Monday, June 28, 2010

Research Can Be Fun or Hazardous

Eve is the winner of my Saturday giveaway drawing. Eve, you have 48 hours to contact me.

Now on to research. I'm one of those people who can lose myself in research. When I'm online, I go from one link to another and can easily get off topic if I don't focus. Sometimes, though, I need to see a setting first hand. For my June release, OUT OF THE BLUE, I needed to go back to Possum Kingdom Lake to see the cliff formation known as Hell's Gate, and to pick out a likely spot for the home in which my heroine Deirdre Dougherty stays after her rescue. I remarked in a blog for someone else that Hero and I set out to search for the best place to photograph Hell's Gate. We decided the most likely spot was the Boy Scout Camp at Johnson Bend on the lake. The problem arose when we overlooked the sign telling us to sign in at the first cabin. Oops. Apparently we look harmless, because we weren't arrested. We were escorted as I quickly took photos and we left. Whew! Getting arrested would have been embarrassing.

I think the name of the lake is funny. Yes, I have a warped sense of humor. You can see how the name Possum Kingdom Lake would confuse a time traveler from 1845 Ireland, right? The thing is, there are, or at least there were, a lot of possums in the area. Trappers used to kill the little varmints for their fur. Ugh. Having seen possums up close, I can't imagine wanting the fur, which is scraggly. There is no accounting for taste, is there? Which brings me to another observation. People who've eaten possum say they definitely do NOT taste like chicken. The animals are reported to be chewy and very greasy. One friend who grew up in a private orphanage during the Depression said if you're hungry enough, you'll eat what's served, but she didn't like the taste.  Thank goodness I've never been that hungry. The point is, though, that this lake was named because of the abundance of possums in the area.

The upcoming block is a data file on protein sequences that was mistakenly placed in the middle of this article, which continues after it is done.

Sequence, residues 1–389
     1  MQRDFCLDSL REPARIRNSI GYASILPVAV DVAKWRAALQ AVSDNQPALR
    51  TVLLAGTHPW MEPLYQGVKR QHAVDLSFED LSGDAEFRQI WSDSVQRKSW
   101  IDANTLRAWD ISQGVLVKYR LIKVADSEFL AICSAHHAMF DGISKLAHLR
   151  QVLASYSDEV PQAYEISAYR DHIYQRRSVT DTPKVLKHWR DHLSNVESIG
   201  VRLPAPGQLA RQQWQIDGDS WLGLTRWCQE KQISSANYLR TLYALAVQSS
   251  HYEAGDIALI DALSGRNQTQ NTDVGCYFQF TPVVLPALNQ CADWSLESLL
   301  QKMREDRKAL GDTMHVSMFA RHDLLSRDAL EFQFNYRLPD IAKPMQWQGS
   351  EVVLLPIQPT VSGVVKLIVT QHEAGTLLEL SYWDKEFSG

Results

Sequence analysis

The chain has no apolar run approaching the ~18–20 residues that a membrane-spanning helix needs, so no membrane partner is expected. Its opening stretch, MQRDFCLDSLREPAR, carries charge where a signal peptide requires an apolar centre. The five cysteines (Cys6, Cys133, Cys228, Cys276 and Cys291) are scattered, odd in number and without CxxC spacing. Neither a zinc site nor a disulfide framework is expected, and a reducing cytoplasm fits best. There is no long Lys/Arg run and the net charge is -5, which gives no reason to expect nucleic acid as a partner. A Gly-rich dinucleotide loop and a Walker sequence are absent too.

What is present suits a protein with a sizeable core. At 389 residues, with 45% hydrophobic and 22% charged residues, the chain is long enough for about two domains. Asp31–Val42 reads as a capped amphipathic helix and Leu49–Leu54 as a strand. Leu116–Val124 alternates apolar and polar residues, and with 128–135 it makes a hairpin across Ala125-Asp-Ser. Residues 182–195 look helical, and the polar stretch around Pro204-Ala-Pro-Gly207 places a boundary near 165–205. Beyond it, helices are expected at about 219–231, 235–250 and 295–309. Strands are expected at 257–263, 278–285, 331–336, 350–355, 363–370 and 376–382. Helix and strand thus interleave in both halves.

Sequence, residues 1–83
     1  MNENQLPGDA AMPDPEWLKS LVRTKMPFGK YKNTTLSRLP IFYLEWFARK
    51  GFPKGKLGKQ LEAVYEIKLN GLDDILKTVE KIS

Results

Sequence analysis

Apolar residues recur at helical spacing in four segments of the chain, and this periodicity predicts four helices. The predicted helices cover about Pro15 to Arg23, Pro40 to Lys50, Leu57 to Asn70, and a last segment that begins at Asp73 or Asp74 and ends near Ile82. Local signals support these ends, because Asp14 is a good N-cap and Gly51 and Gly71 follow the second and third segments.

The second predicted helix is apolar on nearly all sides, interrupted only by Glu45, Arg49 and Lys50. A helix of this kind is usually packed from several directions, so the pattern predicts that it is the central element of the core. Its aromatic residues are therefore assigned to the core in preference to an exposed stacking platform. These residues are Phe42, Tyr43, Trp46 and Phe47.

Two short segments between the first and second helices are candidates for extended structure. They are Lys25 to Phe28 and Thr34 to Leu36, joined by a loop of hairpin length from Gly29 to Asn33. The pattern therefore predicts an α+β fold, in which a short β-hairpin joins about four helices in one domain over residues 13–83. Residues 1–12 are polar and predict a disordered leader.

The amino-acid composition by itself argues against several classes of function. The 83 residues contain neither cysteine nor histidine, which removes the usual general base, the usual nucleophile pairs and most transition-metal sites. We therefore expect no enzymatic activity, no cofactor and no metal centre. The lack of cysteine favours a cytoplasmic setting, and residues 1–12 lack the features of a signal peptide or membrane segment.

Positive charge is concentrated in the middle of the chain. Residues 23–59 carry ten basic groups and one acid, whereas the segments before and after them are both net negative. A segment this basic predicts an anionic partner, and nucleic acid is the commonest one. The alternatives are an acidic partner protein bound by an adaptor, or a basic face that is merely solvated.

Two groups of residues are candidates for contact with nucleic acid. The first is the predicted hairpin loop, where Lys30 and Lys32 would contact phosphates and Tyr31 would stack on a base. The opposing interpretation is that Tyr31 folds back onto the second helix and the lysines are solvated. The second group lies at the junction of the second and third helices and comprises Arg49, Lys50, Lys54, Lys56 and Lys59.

I live an hour from Possum Kingdom Lake, which is in a lovely area of the hill-like Palo Pinto Mountains. In the fall, the post oaks of that area turn brilliant colors. Some say the Comanche Indians named the area for the colorful trees. Others say the Comanche used to paint colors on the trees at some festival or other. I suspect the former, because the fall colors are lovely for this part of the world. Hero and I like to drive through the hills--like a little mini-trip--for a change of scenery.

The Comanche were formidable fighters in this part of Texas. Occasionally a band of even more fierce Kiowa came through. Very near my home is the site of the kidnapping of three children by the Comanche, who then traded them to the Kiowa. Those children were rescued a year later by a trader, and they were returned to their families. But that's beside the point of today's post. Or, is it? Each part of research opens up another avenue. Avoiding detours are difficult to those of us who love research. We store up these tidbits to use another time on another story.

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